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The director of the HSE’s organ donation agency has appealed to Minister for Health Simon Harris for “direct intervention” to address a “very significant infrastructure deficit” that is limiting organ donation and transplant in Ireland.
In correspondence on 14 June, Prof Jim Egan, Director of Organ Donation Transplant Ireland (ODTI), also informed Minister Harris that the Department of Health’s “narrative” of current organ donor infrastructure was “of concern”.
In his letter, Prof Egan noted that Northern Ireland had 12 specialist nurses in organ donation for a population of 1.5 million, compared with 13 in the Republic for a population of 4.7 million. He outlined there were four renal transplant surgeons in the North and four in the Republic, while the kidney transplant five-year average was 114 in the North and 167 in the Republic.
The ODTI Director appealed to Minister Harris for a “direct intervention” to ensure deployment of “appropriate levels of organ donor infrastructure”. Prof Egan acknowledged that the estimates process was the “standard methodology”, but added: “I am concerned that in the current fiscal environment that an international parity of infrastructure will be further neglected or delayed.”
Prof Egan’s letter to the Minister on 14 June was part of a series of correspondences with the Department this year, obtained by the Medical Independent under Freedom of Information law.
In a letter to Prof Egan on 6 June, Mr Michael Conroy of the Department’s Cancer, Blood and Organs Policy Unit, had referred to a “drop off” in organ transplants from 2018, whilst noting the number of deaths in Ireland had increased. “Only six living kidney transplants were performed in the RoI [Republic of Ireland] in the first four months of this year. NI [Northern Ireland] averaged 62 living kidney transplantations per annum since 2013 with the RoI average being 42.”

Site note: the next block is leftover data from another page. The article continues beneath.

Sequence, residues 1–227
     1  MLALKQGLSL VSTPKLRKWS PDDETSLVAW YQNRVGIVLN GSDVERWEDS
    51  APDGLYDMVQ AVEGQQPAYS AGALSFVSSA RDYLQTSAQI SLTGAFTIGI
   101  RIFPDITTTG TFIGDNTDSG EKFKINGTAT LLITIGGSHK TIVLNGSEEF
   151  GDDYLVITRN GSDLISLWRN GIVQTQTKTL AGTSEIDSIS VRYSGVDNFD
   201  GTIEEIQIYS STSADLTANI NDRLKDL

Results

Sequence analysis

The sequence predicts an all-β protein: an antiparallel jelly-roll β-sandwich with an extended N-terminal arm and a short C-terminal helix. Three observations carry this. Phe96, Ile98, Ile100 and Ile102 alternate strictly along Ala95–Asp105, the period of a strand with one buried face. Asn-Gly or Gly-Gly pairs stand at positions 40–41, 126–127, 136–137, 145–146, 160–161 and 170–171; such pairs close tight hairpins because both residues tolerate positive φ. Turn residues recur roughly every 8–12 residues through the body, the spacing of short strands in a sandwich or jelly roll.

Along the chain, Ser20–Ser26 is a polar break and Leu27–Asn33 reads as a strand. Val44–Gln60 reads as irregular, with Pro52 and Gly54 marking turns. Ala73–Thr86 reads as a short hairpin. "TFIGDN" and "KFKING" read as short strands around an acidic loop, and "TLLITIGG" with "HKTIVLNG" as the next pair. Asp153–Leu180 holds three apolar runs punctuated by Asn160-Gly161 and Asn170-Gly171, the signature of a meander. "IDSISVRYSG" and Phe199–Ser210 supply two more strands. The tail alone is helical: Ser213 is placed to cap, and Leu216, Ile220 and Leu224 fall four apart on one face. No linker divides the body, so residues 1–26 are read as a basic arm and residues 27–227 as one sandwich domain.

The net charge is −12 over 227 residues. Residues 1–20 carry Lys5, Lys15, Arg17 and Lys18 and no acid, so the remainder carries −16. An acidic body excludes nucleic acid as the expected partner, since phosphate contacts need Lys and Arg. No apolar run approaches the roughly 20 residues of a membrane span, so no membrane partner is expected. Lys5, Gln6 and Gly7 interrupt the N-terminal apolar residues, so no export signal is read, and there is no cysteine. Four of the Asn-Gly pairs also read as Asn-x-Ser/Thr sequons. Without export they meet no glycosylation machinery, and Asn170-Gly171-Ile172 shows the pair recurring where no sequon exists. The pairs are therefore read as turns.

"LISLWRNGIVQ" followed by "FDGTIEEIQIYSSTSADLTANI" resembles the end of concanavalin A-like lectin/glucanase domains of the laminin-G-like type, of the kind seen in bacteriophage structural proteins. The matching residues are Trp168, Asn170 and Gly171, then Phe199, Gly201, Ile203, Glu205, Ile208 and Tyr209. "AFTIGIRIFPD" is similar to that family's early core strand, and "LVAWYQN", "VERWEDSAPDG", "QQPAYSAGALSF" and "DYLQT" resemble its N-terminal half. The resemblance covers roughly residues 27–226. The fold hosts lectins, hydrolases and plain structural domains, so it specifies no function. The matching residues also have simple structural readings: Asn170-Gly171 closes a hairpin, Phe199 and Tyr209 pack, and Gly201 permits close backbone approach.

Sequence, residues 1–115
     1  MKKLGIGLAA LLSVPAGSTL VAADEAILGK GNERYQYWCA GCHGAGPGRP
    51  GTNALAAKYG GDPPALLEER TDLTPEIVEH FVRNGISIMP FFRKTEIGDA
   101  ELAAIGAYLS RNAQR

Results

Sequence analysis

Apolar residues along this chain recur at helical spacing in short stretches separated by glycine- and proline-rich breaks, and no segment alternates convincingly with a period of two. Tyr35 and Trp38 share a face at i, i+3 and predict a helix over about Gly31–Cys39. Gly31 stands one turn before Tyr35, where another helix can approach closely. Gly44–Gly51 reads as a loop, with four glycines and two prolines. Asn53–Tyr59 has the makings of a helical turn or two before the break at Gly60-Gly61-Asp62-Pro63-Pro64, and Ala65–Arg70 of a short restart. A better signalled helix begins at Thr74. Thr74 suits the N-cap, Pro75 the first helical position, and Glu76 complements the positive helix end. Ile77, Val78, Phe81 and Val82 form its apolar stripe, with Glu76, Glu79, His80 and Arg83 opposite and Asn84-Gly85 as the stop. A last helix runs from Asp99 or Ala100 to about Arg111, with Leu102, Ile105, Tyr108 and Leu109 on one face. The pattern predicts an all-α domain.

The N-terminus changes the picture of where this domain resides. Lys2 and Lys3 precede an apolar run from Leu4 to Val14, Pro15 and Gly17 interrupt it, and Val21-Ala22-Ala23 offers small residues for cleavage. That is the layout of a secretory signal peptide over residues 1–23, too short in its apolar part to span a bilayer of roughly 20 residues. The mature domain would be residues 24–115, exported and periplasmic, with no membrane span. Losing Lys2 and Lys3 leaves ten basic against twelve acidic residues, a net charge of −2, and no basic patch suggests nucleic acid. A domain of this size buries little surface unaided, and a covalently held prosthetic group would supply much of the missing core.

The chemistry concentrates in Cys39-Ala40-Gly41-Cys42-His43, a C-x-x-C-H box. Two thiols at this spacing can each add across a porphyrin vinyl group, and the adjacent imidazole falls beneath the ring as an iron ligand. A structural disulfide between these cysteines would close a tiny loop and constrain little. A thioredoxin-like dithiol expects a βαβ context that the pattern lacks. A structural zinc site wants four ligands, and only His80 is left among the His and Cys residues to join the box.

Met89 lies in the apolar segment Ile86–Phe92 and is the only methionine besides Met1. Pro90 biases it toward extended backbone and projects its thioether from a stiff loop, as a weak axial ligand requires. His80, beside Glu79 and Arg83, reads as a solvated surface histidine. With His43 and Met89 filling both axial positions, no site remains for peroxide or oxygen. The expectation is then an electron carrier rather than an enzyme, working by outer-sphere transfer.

While recognising that organ donation and transplant numbers “will fluctuate”, such “trends” were of concern and “deserve to be investigated”, stated Mr Conroy. In response, Prof Egan advised that the Department “informs itself” of the international infrastructures that exist to support organ donation and transplantation.
In a previous letter to Mr Conroy in January, Prof Egan stated he had “repeatedly highlighted the gap between the infrastructure that exists with other countries” such as the UK and Spain.
A HSE spokesperson told MI: “Working with the HSE and the Department of Health through the Sláintecare Reform Programme, ODTI has secured support to commence the phased recruitment of personnel for organ donation and transplant within this current year.”
Asked what enhancements ODTI is prioritising in the estimates process for 2020, the spokesperson added: “ODTI has reiterated the need for increased personnel in both the areas of transplant and donation.”
MI was awaiting comment from the Department at time of going to press.